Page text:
Last Updated: March 08, 2021
GRE - Analytical Writing section (AWA)
The Graduate Record Examination, better known as the GRE, is one of the most common standardized tests for students completing their undergraduate degrees. It is much like the SAT or ACT exams that are required to gain entry into undergraduate programs. The difference is that the GRE is not for students to gain entry into undergraduate programs but to enter post-graduate programs. This is a test that gives equal importance to quantitative reasoning along with language skills when exams like SAT or ACT focus only on the proficiency of language that the student has.
GRE scores are considered as a pointer that can supplement undergrad grades and provides the student an increased chance of getting admission in the college of their choice, be it even business or law, along with the recommendation letter and other qualifications the student might offer. It is available in more than 160 countries
around the world and ETS also offers the option of giving the test at home if there are no computer-based test centers in that area. The three sections in the exam are Verbal Reasoning, Quantitative Reasoning, and Analytical Writing.
The AWA is scored on a six-point scale, with six being the highest possible score that can be achieved; the lowest possible score is a zero. The scoring range is displaying in half points, meaning it starts at the lowest, zero, and rises by 0.5 of a point until a six (the highest) is reached.
If a student receives a zero, it means the essay was completely off-topic or if it was not legible. A six is described as a well-articulated essay that addresses the issue at hand and strongly supports the stance on the issue with clear, understandable facts.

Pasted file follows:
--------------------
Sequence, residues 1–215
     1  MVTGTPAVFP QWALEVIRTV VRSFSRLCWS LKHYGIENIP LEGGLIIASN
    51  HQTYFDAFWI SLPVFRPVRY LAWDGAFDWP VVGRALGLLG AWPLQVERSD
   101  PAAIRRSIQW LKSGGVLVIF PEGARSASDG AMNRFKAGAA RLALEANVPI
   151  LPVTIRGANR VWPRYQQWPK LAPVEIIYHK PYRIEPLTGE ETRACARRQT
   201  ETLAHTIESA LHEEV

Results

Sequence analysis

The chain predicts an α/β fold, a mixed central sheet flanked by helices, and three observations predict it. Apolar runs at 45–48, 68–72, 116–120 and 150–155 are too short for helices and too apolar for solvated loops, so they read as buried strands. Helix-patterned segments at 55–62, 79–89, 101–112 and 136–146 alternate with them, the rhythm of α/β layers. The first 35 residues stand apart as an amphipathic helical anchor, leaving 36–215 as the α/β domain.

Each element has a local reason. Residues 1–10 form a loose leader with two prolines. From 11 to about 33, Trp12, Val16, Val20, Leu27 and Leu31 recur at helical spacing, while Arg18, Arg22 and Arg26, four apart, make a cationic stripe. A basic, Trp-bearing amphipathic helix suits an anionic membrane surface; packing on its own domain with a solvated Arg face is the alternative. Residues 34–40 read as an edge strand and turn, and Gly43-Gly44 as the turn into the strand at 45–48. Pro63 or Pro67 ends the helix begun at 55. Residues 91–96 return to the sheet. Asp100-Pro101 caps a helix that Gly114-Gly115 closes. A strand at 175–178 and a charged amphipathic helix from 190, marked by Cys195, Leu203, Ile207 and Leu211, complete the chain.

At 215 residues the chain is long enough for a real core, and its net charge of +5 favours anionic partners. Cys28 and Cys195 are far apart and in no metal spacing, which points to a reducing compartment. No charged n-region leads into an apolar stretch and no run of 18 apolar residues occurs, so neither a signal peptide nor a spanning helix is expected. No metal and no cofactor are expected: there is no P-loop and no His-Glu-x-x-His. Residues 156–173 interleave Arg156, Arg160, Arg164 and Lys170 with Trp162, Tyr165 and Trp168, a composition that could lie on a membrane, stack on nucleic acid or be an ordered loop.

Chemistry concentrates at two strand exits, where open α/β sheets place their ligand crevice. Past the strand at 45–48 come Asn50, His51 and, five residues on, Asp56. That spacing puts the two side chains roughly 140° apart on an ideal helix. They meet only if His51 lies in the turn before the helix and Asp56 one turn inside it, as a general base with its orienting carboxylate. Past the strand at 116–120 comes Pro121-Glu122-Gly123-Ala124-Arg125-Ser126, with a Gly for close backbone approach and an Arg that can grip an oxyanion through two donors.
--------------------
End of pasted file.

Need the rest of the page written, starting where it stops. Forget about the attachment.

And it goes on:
The markers that are measured for scoring are:
- Supporting ideas with reasons and examples.
- Examining claims made in the text and their evidence.
- Articulating ideas coherently and effectively.
- Giving instruction-related answers.
The student has the option of deciding whether or not to send their scores on the test day after viewing the scores. They can send their most recent score or all the scores they have received in the last 5 years. Students can also choose to decide what to do with their scores after the test day. They can send additional score reports for a fee if they apply online. The schools the student chooses will only be able to view the scores that have been selected by the student and the scores are valid for a total of 5 years which gives people ample time to ponder over their future.
AWA Score Chart
|Score Level||General Description|
|5.5-6||Essay is insightful; provides reasons and examples to support claims; has complex ideas; sentence variety and vocabulary|
|4.5-5||Essay deals with complex ideas; well-organized; uses diverse vocabulary; has minor inaccuracies that do not affect meaning. |
|3.5-4||Essay analyzes ideas; is organized; has control on sentence structure; lacks clarity. |
|2.5-3||Essay has limited development; no organization; has decent sentence structure but lacks clarity. |
|1.5-2||Essay is not organized; bad sentence structure; lacks development in content. |
|0.5-1||Essay is fundamentally flawed; incoherent; grammatically inaccurate. |
|0||Essay is unrelated to the topic; is indecipherable; attempted in a foreign language. |
|NS||No text produced for evaluation. |
AWA Average Score